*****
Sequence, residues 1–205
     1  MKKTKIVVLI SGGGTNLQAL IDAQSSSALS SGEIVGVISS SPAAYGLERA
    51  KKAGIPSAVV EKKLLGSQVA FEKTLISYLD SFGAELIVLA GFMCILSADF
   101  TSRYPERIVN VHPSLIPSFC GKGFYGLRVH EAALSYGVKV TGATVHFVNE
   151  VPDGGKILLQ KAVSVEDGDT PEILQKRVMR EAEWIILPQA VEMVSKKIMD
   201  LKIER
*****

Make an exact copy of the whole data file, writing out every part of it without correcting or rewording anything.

Sequence, residues 1–205
     1  MKKTKIVVLI SGGGTNLQAL IDAQSSSALS SGEIVGVISS SPAAYGLERA
    51  KKAGIPSAVV EKKLLGSQVA FEKTLISYLD SFGAELIVLA GFMCILSADF
   101  TSRYPERIVN VHPSLIPSFC GKGFYGLRVH EAALSYGVKV TGATVHFVNE
   151  VPDGGKILLQ KAVSVEDGDT PEILQKRVMR EAEWIILPQA VEMVSKKIMD
   201  LKIER